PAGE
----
Types of Editing

Terms used in editing can be perplexing for a novice author, particularly since the terms often interchanges and may have varying connotations within the industry. Understanding the types of editing is crucial for every writer or author, editor, and those individual in the publishing industry.

Here are the types of editing and their definitions:

Copy Editing/ Copyediting

Modifying written content increases readability and ensures that the content has no factual and grammatical errors.

Based on Chicago Manual Style, this ranges from basic technical modifications to extensive remedial work clarity. And literary style, unorganized sections, confusing figures and tables, and the like.

Content Editing

It is a comprehensive, heavy, macro, or substantive editing. It is a kind of copy editing that assesses a material’s general formatting, content, and style to enhance its visual appearance and readability. Comprehensive editors are a subset of linguists.

Line Editing

Focuses on the manuscript’s substance, use of language, and writing style. A skilled line editor may highlight portions subject to improvement. Areas where the style is uneven, pacing concerns, or excessive usage of specific phrases and words throughout the material. It may assist the author in developing their abilities by increasing their awareness of writing patterns that may be modified in the future.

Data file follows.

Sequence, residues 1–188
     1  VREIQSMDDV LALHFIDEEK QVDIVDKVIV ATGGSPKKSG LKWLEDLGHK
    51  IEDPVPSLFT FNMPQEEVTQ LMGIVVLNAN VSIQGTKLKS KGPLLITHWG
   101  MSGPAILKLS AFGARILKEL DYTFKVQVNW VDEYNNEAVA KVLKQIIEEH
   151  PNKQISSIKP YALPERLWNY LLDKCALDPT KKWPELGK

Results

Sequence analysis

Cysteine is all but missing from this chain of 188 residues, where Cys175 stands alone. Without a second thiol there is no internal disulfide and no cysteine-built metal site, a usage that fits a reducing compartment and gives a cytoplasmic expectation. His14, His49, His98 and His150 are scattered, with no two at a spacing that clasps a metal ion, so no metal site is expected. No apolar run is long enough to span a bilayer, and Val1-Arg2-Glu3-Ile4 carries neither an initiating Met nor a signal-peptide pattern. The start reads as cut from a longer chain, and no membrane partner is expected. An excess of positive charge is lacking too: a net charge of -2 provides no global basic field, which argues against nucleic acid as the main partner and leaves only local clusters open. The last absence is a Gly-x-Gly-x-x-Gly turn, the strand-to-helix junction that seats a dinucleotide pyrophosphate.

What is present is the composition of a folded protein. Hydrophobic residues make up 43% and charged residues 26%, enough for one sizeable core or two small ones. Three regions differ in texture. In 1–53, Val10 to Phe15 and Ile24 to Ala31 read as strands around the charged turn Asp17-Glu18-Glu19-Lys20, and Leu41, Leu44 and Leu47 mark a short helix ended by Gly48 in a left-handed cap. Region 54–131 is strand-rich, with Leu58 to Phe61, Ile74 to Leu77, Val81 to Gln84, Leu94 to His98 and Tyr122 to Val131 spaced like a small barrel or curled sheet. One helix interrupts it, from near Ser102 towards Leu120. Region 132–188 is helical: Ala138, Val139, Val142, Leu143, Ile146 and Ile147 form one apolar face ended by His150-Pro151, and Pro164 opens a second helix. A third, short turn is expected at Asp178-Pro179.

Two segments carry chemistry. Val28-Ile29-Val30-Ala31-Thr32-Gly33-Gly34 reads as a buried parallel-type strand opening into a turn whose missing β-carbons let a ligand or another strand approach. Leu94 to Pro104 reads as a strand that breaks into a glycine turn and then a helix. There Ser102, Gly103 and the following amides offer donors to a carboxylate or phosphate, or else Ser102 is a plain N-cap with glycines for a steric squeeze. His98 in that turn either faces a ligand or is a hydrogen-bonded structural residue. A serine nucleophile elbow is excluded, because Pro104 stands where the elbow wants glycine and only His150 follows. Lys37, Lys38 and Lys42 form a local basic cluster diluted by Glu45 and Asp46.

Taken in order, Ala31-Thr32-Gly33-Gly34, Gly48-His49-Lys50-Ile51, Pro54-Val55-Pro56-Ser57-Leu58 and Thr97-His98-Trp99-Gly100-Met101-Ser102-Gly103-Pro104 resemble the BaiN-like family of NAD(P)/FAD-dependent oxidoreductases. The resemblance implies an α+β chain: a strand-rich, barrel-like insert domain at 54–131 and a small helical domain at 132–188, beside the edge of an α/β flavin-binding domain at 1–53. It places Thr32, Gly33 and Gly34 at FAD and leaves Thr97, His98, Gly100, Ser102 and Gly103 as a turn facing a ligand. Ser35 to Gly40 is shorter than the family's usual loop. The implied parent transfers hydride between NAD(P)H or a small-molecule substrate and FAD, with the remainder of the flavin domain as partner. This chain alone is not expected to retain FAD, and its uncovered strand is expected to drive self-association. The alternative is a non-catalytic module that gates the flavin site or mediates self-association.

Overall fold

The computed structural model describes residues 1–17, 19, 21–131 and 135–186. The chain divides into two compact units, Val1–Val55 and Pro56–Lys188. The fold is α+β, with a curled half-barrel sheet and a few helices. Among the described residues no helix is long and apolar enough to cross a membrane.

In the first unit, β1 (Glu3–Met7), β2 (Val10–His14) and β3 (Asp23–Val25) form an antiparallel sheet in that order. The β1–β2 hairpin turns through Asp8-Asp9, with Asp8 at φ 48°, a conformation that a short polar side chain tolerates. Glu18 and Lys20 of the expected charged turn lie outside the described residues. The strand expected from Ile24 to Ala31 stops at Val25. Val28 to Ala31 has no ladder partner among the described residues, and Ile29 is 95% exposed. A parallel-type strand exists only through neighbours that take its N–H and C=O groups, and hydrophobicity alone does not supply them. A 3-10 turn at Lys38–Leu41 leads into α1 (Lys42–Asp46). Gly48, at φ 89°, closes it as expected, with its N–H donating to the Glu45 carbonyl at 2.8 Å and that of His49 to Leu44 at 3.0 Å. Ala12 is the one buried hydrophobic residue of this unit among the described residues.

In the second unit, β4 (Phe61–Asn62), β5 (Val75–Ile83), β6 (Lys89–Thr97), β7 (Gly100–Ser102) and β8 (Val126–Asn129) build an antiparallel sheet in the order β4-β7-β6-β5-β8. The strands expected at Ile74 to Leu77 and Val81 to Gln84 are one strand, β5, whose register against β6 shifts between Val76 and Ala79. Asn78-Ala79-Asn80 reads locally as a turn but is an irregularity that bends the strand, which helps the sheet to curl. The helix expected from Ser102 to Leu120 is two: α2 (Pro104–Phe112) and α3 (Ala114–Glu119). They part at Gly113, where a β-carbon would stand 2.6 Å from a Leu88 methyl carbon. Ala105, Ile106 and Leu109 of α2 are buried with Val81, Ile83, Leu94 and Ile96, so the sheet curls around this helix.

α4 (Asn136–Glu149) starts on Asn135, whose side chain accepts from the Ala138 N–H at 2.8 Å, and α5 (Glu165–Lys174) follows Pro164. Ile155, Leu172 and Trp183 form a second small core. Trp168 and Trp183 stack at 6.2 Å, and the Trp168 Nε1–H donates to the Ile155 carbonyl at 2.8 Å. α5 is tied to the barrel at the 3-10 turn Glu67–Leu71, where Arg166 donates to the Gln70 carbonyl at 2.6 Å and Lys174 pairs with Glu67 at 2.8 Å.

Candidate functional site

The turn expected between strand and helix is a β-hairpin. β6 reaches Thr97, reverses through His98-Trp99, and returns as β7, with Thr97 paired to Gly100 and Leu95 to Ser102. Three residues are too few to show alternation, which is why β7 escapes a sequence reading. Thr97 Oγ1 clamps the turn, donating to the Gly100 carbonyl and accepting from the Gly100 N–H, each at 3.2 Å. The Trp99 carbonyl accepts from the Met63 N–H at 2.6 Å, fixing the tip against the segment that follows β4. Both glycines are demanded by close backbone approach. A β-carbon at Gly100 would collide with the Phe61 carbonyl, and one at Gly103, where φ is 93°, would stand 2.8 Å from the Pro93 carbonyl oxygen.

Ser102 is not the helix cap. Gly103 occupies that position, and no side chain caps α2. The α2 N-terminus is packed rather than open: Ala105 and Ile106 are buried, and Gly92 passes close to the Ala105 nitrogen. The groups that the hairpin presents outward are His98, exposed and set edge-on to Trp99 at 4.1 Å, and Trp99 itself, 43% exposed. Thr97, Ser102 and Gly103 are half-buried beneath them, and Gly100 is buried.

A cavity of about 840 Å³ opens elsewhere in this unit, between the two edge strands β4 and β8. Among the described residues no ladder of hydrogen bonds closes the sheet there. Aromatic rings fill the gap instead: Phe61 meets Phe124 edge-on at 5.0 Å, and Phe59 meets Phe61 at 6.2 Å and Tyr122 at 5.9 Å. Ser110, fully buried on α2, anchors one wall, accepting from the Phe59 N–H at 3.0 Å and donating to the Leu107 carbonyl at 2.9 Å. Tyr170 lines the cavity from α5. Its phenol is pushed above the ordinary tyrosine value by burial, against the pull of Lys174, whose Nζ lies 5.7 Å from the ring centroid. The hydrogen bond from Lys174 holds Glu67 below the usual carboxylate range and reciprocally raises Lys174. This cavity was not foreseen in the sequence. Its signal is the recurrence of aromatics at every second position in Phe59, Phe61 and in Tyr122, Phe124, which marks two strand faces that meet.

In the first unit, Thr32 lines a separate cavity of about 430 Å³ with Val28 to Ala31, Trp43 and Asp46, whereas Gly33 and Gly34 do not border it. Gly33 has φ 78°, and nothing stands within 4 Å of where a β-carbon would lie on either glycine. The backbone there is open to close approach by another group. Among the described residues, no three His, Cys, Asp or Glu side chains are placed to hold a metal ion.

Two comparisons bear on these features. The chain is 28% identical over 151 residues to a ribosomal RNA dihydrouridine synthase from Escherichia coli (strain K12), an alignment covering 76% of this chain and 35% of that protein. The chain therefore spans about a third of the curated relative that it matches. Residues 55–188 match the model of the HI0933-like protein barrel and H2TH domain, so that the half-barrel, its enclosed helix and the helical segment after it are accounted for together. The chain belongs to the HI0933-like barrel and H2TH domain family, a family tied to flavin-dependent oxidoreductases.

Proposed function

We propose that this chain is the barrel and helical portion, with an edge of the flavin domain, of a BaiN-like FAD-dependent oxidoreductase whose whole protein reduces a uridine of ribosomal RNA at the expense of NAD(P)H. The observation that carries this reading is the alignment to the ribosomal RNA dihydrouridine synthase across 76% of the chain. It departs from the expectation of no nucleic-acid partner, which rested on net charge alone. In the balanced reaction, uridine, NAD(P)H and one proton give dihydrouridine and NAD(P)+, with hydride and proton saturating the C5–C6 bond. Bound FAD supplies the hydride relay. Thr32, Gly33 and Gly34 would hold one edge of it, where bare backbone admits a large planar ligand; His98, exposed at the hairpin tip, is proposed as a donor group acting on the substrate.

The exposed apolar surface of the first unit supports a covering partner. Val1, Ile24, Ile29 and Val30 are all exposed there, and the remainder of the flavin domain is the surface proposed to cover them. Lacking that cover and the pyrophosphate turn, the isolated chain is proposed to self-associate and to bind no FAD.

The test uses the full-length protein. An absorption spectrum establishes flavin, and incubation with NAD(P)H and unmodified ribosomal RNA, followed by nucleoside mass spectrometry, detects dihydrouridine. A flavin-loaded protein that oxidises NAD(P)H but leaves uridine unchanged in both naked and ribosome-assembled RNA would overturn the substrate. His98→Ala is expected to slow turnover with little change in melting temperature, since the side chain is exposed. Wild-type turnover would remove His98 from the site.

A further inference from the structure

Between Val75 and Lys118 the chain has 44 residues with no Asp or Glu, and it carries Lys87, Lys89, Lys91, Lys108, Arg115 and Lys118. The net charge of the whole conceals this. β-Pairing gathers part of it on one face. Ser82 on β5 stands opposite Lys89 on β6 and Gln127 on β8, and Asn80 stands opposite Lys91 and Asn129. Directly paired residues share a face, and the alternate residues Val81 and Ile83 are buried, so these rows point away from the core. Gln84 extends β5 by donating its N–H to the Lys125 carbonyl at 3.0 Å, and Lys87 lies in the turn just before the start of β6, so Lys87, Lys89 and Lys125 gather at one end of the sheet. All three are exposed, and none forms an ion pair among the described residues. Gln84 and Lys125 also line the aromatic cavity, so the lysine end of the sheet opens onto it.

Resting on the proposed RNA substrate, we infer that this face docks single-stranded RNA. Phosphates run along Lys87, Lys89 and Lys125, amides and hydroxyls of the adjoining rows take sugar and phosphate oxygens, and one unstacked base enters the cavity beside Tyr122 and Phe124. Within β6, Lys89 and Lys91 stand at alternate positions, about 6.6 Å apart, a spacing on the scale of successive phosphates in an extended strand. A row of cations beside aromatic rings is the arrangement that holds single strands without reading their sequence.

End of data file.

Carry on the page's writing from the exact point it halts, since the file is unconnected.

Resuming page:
Developmental Editing

It is a kind of writing assistance that occurs before or during the preparation of publishable work. Scott Norton explains in his book Developmental Editing: A Handbook for Freelancers, Authors, and Publishers that developmental editing entails major reorganization or rebuilding of the discourse of a text.

A developmental editor may assist an author (or group of writers) with conceptualizing the subject, organizing the general framework, and drafting an outline—as well as coaching writers chapter by chapter through the writing process (this is actually developmental editing, although it is not the most often used method). A developmental editor determines that the writer’s manuscript needs significant rewriting and reorganization.


Proofreading is the final step in the writing process; it entails thoroughly examining the material for mistakes (grammar, spelling, formatting, typographical errors, and consistency) prior to it being published or shared. It is critical for any material (academic papers, internet articles, books, brochures, etc.) intended for the public. An author or writer may proofread their material themselves or engage with a professional editor.

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